Sunday, July 6, 2014

Not So Hard To Understand

This morning's Star reports the fact that Canada's sesquicentennial in 2017 is eliciting something less than enthusiasm from the majority of Canadians living outside of Alberta:

Albertans are far more excited than other Canadians about the looming 150th birthday of the country in 2017, a new poll has found.

A full 70 per cent of Alberta residents intend to take part in the 150th celebrations — much more than the 58 per cent of Ontarians or 31 per cent of Quebecers who said they planned to participate, says the poll, which was carried out by Leger Marketing for the Association for Canadian Studies.

The article goes on to posit possible reasons for the results:

- It could ... be that Albertans are feeling good about the country because of the booming economy in the province, or that one of its own, Calgary MP Stephen Harper, is Prime Minister.

- Only half of the poll respondents in Manitoba, Saskatchewan and the Atlantic provinces and only 56 per cent of those in British Columbia had any plans to celebrate the 150th.

- The poll found that only about two in three Quebecers claim some attachment to Canada

Perhaps there is a simple reason for the lukewarm enthusiasm in most parts of the country: the Canada that we have traditionally known and revered has been rapidly disappearing under the eight years of Harper rule we have been subjected to.

A litany of 'reforms' aimed at stripping away our traditions of civility, generosity, kindness and concern for the collective isn't necessary here. Most of us who follow politics are well-acquainted with them. However, a letter in today's Star captures, I think, one key element in the Harper plan to remake Canada in his soulless image: the silencing of dissenting voices:

Re: Stephen Harper's cowardly silence speaks volumes, June 28

The Harper government’s mealy mouthed response to the outrageous incarceration of journalists by the Egyptian court is understandable. This government is doing everything it can to silence those organizations trying to inform the public about its own outrageous activities.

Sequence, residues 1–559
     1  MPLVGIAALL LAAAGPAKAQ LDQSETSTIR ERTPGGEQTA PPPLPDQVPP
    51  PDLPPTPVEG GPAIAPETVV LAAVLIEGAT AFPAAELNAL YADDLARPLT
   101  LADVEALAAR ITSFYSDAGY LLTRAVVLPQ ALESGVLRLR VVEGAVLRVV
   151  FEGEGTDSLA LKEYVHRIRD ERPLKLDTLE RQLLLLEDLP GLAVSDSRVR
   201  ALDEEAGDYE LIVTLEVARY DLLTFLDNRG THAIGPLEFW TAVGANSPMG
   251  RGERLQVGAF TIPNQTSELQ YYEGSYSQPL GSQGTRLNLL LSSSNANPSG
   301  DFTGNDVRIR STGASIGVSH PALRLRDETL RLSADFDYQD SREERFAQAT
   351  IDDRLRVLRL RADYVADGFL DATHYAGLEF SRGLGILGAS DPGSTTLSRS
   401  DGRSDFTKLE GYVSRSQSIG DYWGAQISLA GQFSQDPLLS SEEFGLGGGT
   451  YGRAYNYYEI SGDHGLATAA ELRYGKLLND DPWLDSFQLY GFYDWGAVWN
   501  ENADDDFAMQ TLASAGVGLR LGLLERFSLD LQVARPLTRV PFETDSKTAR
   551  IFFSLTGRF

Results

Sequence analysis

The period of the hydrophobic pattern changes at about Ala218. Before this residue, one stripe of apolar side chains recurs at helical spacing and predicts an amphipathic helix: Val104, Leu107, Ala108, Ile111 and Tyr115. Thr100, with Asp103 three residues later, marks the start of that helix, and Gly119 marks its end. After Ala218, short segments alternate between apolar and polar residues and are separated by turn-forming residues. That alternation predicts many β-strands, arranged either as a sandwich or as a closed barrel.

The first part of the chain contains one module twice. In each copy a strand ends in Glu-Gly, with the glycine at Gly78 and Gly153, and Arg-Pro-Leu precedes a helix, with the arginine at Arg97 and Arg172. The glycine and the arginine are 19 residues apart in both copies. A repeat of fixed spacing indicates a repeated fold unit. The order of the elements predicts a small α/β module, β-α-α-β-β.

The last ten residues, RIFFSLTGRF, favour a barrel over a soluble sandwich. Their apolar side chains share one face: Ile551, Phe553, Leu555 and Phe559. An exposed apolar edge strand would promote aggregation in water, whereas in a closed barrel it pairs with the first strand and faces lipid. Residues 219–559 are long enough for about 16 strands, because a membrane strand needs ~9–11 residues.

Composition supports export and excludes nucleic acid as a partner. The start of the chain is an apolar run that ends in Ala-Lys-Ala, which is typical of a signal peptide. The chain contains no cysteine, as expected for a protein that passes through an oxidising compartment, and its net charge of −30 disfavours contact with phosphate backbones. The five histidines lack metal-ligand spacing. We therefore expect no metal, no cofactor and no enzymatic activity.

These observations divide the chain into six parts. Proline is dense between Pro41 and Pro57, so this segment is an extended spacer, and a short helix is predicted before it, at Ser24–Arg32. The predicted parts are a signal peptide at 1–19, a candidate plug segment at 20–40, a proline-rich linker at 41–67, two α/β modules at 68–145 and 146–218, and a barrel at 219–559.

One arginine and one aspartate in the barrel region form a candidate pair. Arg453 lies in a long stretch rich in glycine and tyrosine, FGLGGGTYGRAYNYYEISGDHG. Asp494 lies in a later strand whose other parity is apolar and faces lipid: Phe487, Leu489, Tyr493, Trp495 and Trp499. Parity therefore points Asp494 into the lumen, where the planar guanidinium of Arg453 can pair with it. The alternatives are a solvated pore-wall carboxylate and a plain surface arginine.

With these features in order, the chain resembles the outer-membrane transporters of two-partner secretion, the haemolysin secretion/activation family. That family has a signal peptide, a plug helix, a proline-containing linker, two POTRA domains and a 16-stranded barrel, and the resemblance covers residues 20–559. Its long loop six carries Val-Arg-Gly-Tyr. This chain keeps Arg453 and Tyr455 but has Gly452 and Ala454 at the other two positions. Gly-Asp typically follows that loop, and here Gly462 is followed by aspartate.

It is doing its best to destroy the CBC. It has muzzled government scientists. It eliminated funding to human and women’s rights organizations both of which exposed the callous nature of some of its policies. It has tried to destroy unions on behalf of its corporate supporters.

Now it is using Canada Revenue Agency to undermine the activities of charitable organizations such as Amnesty International and the David Suzuki Foundation. By submitting them to long, drawn-out audits they are hampering the work of these organizations by taking up their time and money.

Its record regarding the public’s right to information is disgraceful. This government is spending an additional $7.2 million on top of the $8 million in the budget to harass these organizations because they expose the anti-democratic actions of the government.

Terminating the Parliamentary Budget Officer is an excellent example of how the Harper government is doing everything it can to end transparency.

Bill Prestwich, Dundas

All in all, not much to celebrate domestically these days.


  1. Surely the recent participation rate in the four byelections suggests that most of the country is not impressed by this government, Lorne.

    1. I can only hope that the people feel motivated to change things significantly next year, Owen.

  2. It is nice to see that the commenting rules have been relaxed on this blog so that we law abiding citizens can voice our opinions.

    We must be vigilant against those commie bastards at all times!

    1. Thanks for the link, Anon. A classic!